Apart from the continued building of the purely Russian classes outlined above, and apart from some interesting experimental types acquired only in ones and twos, only five more new designs were produced in the period 1928 to 1956, two of them between the wars, and three more after 1945. Nevertheless, true to the policy of big numbers, Russian workshops produced over 9,000 units of these five classes before the end of steam.

In the first Five Year Plan that started in 1928, the decision was taken to upgrade railway power and important trunk routes were relaid to take a 20-ton axle load. Much influenced by the design and performance of a small number of 2-10-2 and 2-10-4 engines which had been purchased in the USA when resources began to become available after the revolution, the Soviet administration in 1931 produced the FD class of 2-10-2 freight engine and in 1932 the corresponding IS class of 2-8-4 passenger engine. The two classes had an identical boiler carrying 213 lb per sq in pressure and 75¾ sq ft grate area. Cylinders were 26⅝-in by 30 3/16-in and the engines alone weighed 135 and 134 tons respectively. Construction of these classes ceased when Russia was drawn into the 1939-45 war, by which time 3,200 Class FD and 650 Class IS engines had been built.

In the post-war devastation, new building had perforce to be concentrated upon engines which could run anywhere, and in the three final Russian steam designs axle loading was restricted to 18 tons. The first was a modernised 2-10-0, Class L, also called the “Victory” type. Originating in 1945, it was thoroughly American in layout; details were: cylinders 25 9/16-in by 31½-in, wheels 4 ft 11-in diameter, pressure 199 lb per sq in, grate area 64½ sq ft and engine weight 104 tons. It proved to be a most successful and versatile type, of which almost 5,000 were constructed in 12 years.

Second in importance of the post-war types, introduced in 1950, was a 4-8-4 passenger engine, Class P36; like all modern Russian construction, it was a straightforward two-cylinder design. Although conforming to the required 18-ton axle loading and weighing 135 tons, it was also in essence truly American, having roller bearings throughout, Boxpok wheels and mechanical stoker. Only the fairing along the boiler top and its rather ornate appearance at the front end, betrayed its Russian origin. Its main features were cylinders 22⅝-in by 31½-in, wheels 6 ft 0¾-in, pressure 213 lb per sq in and grate area 72.6 sq ft. Around 250 P36 engines worked mainly on the Moscow-Leningrad and Moscow-Polish frontier lines before the change in motive power.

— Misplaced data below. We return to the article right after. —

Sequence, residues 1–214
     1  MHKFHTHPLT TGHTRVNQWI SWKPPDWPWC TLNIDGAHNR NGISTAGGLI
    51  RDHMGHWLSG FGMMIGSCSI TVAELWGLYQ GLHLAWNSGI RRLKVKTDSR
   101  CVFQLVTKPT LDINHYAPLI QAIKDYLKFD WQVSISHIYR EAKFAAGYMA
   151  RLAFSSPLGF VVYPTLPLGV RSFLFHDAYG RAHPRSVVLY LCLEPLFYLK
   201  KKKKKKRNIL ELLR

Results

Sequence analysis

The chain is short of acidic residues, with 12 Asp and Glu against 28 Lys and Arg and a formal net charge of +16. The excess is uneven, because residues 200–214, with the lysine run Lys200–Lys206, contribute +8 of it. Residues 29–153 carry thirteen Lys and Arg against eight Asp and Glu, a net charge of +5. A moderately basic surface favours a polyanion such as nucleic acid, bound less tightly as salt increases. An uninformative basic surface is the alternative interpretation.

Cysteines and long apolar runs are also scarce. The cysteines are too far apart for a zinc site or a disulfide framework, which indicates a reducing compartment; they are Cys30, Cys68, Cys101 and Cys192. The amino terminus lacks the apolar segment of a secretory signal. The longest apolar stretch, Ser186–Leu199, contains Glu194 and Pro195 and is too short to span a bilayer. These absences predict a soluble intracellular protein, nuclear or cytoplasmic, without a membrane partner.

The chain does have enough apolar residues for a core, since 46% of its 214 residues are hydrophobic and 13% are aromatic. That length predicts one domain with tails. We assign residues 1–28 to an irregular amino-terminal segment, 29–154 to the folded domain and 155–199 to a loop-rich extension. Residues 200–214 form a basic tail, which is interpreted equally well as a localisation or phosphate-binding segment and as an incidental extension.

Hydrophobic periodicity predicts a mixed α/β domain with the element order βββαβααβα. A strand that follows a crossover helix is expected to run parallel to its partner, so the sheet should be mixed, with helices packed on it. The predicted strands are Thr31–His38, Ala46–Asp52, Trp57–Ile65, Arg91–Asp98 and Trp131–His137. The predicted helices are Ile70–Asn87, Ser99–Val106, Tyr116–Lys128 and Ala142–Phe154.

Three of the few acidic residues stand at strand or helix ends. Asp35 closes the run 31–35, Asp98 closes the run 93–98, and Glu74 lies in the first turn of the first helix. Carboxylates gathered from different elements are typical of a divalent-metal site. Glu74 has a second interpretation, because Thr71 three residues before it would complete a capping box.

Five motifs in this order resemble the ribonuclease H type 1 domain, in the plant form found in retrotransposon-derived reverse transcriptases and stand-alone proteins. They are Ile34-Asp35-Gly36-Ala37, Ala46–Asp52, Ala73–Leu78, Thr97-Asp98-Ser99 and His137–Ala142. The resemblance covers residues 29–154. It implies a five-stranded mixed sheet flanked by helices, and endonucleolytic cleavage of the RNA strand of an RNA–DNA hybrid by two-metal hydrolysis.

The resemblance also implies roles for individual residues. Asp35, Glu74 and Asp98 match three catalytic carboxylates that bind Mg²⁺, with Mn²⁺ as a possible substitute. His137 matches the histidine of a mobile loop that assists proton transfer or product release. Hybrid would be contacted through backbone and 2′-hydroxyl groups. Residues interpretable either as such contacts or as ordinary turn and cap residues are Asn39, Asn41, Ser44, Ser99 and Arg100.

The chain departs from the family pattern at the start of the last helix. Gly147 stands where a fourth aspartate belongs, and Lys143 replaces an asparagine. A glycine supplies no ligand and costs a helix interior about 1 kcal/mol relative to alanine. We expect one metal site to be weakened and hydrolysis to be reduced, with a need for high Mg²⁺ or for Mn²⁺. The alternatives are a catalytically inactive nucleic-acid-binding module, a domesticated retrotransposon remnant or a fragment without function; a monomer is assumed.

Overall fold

Thirdly, there was Class LV, an elongated version of the Class L in the form of a 2-10-2, identical except in having a larger grate. Begun in 1952, only about 100 had been built before the ukase to end steam construction was issued in 1956.

4-14-4 freight engine, designed for hauling coal trains of 3,000 tons from the Donetz mines to Moscow

Europe’s most powerful goods engine. This is the claim made for the large 4-14-4 freight engine, seen here on its arrival in Moscow in January, 1935. It was designed for hauling coal trains of 3,000 tons from the Donetz mines to Moscow.

Space forbids description of the fascinating “one-offs”, the experimental types which had no aftermath. Of them, there was the legendary 4-14-4 engine of 1934 which could not be induced to stay on the road; the Beyer Peacock-built Garratt of 1932, lost without trace in the wilds of Siberia; and the 2-8-8-4 simple-expansion Mallet Class P38, of which two prototypes were built in 1955. The last-named were the heaviest locomotives ever to have been built in Russia, but even so, at 215 tons engine weight they totalled only 60 per cent of the weight of locomotives of similar wheel arrangement in North America.

The need for total reliability meant that the Russian steam locomotive was well looked after. Immaculate, the passenger engines in bright green and the freighters in gleaming black, they were frequently embellished with emblems on smokebox door and cab or tender sides, as on the old Scottish Caledonian railway, which indicated the pride of the footplate crews.

Measuring over 17 feet to the chimney top, four feet higher than the largest British engine, and with boiler centres pitched as high as 11 feet, the modern Russian engine was awe-inspiring close-to; the typical rather soft sound of its exhaust was counterbalanced by the raucous blast of the enormous chime whistles which they all carried. Two outside cylinders were almost universal, and few have been the multi-cylindered engines in Russian history. Simplicity was all.

The small number of indigenous classes in so large a country was quite astounding. Kremlinologists have only identified 24 classes among the probable total of 36,000 locomotives running in 1958.

Unlike almost every other locomotive-manufacturing country in the world, Russia had a negligible export and its designs had hardly any influence abroad. In 1883 the Societe Russe of St Petersburg built a few 0-6-0 engines for the Andaluces Railway in Spain, and one of them was photographed at Cordoba as recently as 1963 complete with builder’s plate in Russian characters. In 1908 ten locomotives were exported to Roumania, and in recent years, before the idealogical split, an unknown number of FD 2-10-2s were transferred to the Chinese Railways as a gesture of solidarity. Beyond these few cases nothing can be traced.

You can read more on “Moscow’s Underground”, “Russia and Siberia” and “The Trans-Siberian Express” on this website.